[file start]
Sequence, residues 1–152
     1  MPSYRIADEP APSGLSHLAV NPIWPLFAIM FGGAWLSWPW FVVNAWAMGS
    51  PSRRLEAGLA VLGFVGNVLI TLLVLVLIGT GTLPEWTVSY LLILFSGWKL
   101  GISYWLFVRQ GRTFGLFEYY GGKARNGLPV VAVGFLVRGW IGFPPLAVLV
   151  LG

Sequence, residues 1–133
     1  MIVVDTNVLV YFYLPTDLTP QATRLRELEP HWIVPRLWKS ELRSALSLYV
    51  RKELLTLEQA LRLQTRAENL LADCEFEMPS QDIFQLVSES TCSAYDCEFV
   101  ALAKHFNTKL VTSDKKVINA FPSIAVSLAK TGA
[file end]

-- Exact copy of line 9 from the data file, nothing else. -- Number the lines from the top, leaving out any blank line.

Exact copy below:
   101  ALAKHFNTKL VTSDKKVINA FPSIAVSLAK TGA